The rich and diverse history of Pistoia is ever evident in the city streets, its churches and its palazzos. If you are looking for some extra monuments to add to your walking tour of the city, have a read of this article where we revel a few of our favorite sites. Travelling with kids, and always looking to add something “appropriate” to your itinerary? Pistoia is the perfect place with its many parks filled with colorful games, green areas and picnic spots to the fun games and activities at the Pistoia Zoo. Read here about some excellent parks and the zoo. l You really can’t go wrong - no matter your age group is.
Once you have finished exploring within the city walls of Pistoia, I encourage you to spread out and explore the wonderful area and natural beauty which is only a short distance from the city walls.
Padule di Fucecchio
Approximately 2000 hectares of Italian marshlands, which has played a major role in protecting the city due to its natural health hazards - but also thanks to its swampy lands. There are stories of Hannibal, a Punic military commander from Carthage, tried to cross here, and in doing so he lost almost all of his elephants due to the difficult terrain. You won’t see any elephants now, but it is a noteworthy nature reserve, which is an important home to many migrating birds and family oriented activities including hiking, picnics and more. Official website
The Apennine and the Pistoiese mountains are one of the favorite green havens for the locals. In the summer it provides fresh green picnic areas, trails for hiking and mountain biking. In the winter, the town of Abetone houses one of the more famous local ski resorts counting about 50 km of slopes and 22 ski lifts.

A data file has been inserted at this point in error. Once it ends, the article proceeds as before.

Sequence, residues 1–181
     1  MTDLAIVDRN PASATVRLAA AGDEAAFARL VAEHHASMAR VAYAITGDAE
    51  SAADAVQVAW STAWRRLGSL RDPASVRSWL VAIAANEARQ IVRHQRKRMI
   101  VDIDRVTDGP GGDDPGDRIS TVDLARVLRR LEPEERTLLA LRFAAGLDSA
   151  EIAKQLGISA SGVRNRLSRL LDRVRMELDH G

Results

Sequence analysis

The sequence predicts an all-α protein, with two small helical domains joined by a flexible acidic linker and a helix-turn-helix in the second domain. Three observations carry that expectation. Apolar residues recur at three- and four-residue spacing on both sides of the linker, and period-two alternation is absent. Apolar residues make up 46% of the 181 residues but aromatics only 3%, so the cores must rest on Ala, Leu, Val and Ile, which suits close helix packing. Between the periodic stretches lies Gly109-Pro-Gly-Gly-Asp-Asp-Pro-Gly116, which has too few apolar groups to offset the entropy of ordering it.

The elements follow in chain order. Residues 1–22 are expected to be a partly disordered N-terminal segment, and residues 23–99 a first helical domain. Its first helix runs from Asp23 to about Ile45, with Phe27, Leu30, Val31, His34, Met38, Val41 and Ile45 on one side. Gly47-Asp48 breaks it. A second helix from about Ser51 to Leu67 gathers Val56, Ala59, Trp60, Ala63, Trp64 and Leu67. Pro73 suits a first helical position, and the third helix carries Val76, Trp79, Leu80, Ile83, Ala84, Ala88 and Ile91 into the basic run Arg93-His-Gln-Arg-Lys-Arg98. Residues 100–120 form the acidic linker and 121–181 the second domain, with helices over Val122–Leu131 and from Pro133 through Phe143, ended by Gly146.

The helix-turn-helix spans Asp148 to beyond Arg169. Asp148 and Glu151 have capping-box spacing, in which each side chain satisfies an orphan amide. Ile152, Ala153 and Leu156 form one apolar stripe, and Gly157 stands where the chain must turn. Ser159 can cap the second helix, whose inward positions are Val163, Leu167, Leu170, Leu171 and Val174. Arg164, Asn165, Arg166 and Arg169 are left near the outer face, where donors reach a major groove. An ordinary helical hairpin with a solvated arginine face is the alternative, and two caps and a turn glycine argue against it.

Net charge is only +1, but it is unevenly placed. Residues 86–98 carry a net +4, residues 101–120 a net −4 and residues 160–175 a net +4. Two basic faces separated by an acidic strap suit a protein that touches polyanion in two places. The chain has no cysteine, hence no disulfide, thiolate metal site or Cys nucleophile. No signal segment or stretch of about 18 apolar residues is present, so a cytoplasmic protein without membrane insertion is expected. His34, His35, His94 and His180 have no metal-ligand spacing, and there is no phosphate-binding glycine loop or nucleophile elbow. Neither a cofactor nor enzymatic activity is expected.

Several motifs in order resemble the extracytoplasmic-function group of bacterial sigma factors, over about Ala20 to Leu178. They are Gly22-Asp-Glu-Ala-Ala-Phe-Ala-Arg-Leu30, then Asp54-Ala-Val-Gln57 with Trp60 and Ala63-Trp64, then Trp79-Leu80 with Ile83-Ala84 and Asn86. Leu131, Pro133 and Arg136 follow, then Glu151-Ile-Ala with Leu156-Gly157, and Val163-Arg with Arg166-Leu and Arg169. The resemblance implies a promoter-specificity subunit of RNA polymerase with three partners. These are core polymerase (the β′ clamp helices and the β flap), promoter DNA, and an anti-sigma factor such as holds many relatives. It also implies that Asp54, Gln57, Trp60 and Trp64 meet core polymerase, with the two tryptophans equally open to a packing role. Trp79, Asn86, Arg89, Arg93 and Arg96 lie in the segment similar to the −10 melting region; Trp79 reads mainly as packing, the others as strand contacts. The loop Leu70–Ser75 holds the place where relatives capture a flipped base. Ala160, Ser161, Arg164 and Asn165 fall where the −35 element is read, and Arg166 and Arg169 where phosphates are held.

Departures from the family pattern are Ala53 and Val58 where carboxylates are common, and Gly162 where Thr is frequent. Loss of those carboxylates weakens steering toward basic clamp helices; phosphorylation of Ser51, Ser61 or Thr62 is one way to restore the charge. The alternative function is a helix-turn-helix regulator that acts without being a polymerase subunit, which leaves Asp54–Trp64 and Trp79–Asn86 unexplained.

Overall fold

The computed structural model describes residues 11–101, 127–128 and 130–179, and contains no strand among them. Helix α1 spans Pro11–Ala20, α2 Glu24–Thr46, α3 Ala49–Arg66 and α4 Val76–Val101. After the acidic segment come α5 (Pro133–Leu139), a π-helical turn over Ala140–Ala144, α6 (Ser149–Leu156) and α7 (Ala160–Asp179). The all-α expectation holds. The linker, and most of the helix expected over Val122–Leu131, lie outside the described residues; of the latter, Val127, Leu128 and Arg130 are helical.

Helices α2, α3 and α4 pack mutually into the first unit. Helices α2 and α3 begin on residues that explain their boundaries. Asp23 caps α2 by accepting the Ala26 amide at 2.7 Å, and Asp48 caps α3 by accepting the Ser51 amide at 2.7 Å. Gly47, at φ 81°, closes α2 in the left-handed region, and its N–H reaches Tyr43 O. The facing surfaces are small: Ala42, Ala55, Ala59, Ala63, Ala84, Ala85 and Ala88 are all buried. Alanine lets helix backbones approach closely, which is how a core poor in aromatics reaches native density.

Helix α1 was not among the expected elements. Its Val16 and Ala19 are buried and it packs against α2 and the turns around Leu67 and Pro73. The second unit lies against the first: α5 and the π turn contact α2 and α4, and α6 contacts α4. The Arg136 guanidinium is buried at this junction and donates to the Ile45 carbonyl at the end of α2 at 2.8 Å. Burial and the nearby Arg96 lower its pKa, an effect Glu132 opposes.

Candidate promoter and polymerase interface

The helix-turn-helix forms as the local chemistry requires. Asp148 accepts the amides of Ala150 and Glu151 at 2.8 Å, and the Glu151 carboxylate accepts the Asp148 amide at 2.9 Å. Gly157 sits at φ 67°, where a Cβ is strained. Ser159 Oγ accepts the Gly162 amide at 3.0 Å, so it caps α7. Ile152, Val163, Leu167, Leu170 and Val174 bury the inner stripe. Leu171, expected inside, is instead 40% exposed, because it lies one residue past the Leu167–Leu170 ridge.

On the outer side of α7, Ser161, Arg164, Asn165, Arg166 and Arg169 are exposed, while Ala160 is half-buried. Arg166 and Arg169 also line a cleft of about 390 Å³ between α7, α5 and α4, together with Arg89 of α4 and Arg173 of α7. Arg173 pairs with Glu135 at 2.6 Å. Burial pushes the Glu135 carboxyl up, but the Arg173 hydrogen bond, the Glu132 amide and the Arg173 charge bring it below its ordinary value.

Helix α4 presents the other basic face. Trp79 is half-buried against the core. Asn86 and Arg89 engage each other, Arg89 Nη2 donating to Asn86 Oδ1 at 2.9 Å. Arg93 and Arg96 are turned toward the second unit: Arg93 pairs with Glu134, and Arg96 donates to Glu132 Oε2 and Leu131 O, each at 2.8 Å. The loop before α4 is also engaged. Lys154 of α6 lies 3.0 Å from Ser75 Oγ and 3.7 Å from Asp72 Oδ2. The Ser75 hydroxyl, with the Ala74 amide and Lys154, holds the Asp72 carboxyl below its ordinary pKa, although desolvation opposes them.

The Suspension Foot Bridge in the Abetone mountains near Popglio is the longest suspension foot bridge in the world (actually was, it has recently been demoted.) Great place to head with the kids for a break from museums, churches, town squares and shopping. Read here about to get to the Ponte Sospeso.
This zone, which can be considered both a mountain or hilly place due to its particular features, is dotted with little villages known as “10 Castella” (The Ten Castles). They are all made in pietra serena stone which was of great importance during the Middle Ages and stand tall and proud in this hidden corner of Tuscany. Read our article about these castles before you go and explore.
If you are more into quaint towns and thermal waters, then you will want to be sure to add Montecatini on your list of places to visit. Read our article about Montecatini for more information.
Pinocchio and Collodi
Pinocchio came from these very hills! The small town of Collodi, only a short distance from Pistoia is the hometown of Pinocchio...well at least the author. Fun and games for all ages can be found here, read here for more information about Collodi.